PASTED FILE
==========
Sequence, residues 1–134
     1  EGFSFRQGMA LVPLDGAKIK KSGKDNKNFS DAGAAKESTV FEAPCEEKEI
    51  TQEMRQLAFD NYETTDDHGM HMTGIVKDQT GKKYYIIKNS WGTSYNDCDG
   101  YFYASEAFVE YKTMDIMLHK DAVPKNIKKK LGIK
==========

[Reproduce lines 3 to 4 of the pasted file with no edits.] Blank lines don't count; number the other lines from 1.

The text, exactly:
    51  TQEMRQLAFD NYETTDDHGM HMTGIVKDQT GKKYYIIKNS WGTSYNDCDG
   101  YFYASEAFVE YKTMDIMLHK DAVPKNIKKK LGIK